Controversial 'poorest quality' Prince Philip statue must be torn down, Cambridge council orders

The sculpture is likely to be moved to somewhere other than Cambridge, as ITV News Anglia's Matthew Hudson reports.

A controversial statue of Prince Philip described as "possibly the poorest quality" a council has ever seen must be removed.

The 4m (13ft) sculpture of 'The Don' on Hills Road in Cambridge represents the late Prince Philip in his role as vice-chancellor of University of Cambridge.

It is thought the £150,000 statue was erected without planning permission within the last four years.

In 2014, plans for the statue were described as "possibly the poorest quality work that has ever been submitted to the council" by Cambridge City Council's public art officer.

Now it has been issued with an enforcement notice by the Greater Cambridge Shared Planning Service, as it has a "harmful material impact" on the appearance of the area.

It said the sculpture must be permanently removed within four months from 11 April, unless an appeal is made beforehand.

The land must also be restored to its former condition prior to the sculpture's installation.

What does the statue look like?

'The Don' stands outside Charter House on Hills Road and is 4m (13ft) tall.

It is cast in bronze but painted black and white, with a twisted head and no distinguishable facial features.

The figure is wearing robes and an academic cap, as it was meant to represent Prince Philip in his role as vice-chancellor of Cambridge University.

The statue is cast in bronze, but painted black and white. Credit: ITV Anglia

Why has it proven controversial?

The statue was refused planning permission in 2014, as Cambridge City Council said: "It is too large a scale for the context of the space it will be located within and will compromise the quality of the new development."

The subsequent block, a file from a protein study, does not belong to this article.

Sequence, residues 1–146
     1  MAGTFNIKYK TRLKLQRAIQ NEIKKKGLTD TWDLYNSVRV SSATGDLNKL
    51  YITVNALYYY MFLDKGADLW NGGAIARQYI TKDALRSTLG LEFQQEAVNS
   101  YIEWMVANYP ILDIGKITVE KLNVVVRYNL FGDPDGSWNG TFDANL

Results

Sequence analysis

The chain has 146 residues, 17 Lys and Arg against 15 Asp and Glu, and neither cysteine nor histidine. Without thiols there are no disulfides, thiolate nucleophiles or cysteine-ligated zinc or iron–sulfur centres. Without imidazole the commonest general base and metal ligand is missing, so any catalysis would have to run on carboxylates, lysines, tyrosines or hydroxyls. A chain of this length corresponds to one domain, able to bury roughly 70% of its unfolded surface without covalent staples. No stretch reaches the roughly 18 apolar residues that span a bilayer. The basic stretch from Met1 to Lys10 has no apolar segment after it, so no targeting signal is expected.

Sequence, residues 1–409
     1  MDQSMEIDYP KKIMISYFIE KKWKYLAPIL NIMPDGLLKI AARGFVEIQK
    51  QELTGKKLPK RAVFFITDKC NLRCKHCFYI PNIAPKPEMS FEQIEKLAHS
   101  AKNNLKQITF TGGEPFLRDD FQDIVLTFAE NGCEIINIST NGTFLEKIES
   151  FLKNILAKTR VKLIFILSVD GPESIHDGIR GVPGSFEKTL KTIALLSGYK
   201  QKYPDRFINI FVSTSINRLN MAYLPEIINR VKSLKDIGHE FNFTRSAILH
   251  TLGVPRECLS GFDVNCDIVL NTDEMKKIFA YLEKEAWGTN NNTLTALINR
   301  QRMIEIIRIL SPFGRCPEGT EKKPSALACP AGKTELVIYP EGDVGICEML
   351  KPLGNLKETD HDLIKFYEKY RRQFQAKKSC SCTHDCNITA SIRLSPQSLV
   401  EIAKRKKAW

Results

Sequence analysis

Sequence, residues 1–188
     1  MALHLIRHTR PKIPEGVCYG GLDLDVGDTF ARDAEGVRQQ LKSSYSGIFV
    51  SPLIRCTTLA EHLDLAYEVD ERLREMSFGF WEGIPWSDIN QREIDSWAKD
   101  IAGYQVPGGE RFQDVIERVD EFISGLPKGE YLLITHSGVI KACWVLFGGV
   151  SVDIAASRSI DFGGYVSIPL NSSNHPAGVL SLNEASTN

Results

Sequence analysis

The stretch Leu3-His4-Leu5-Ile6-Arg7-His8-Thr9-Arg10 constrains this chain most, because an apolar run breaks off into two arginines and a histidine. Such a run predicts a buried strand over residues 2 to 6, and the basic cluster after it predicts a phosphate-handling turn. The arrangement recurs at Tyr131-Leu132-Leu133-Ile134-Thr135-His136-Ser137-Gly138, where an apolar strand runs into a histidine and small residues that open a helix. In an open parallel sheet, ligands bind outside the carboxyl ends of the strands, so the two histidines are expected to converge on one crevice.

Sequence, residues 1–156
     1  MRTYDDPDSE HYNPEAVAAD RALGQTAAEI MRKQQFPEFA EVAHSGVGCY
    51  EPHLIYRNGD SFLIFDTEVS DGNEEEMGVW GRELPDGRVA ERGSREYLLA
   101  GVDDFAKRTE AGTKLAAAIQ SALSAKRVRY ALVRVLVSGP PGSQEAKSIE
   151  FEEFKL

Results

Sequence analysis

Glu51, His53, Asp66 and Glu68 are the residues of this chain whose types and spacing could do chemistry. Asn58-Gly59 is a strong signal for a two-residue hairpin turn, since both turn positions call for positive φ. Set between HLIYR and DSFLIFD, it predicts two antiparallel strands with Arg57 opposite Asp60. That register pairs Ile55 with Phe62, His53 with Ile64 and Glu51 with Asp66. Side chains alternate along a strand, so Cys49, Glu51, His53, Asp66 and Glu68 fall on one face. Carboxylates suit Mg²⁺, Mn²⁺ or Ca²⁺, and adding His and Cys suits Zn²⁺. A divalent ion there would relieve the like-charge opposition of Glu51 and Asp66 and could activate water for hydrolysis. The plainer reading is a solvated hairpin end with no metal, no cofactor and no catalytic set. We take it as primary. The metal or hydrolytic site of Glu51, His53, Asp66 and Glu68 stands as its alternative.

However, the sculpture was erected within the last four years and has been described as "detritus masquerading as public art" by locals.

  • ITV News Anglia asked locals what they thought of the sculpture.

In a blog post, councillor Katie Thornburrow said: "Nobody, apart from the wealthy property developer who commissioned it, seems to have a good word to say about it.

"I will be glad to see it gone, but remain angry that developers could just dump it in place and then force the council to spend officers’ time and money getting them to take it away."

The artist credited with the statue has denied making it. Credit: ITV Anglia

Who is behind the statue?

The statue was commissioned by the Unex Group, a developer for the office block near to the sculpture.

The named sculptor Pablo Atchugarry denied being the artist responsible.

The Unex Group said it was planning to move the statue to somewhere other than Cambridge and chairman William Gredley said: "Pablo Atchugarry visited Cambridge with me several years ago as I intended to commission him with a Don in Cambridge, in marble.

"Unfortunately he could not find a piece of white marble large enough for the sculpture and we decided to cast it in bronze with Bronze Age Sculpture Casting Foundry.

"I agree that perhaps it was too big for many people but such is art.  

"It is our intention to remove it and place it elsewhere outside of Cambridge." 

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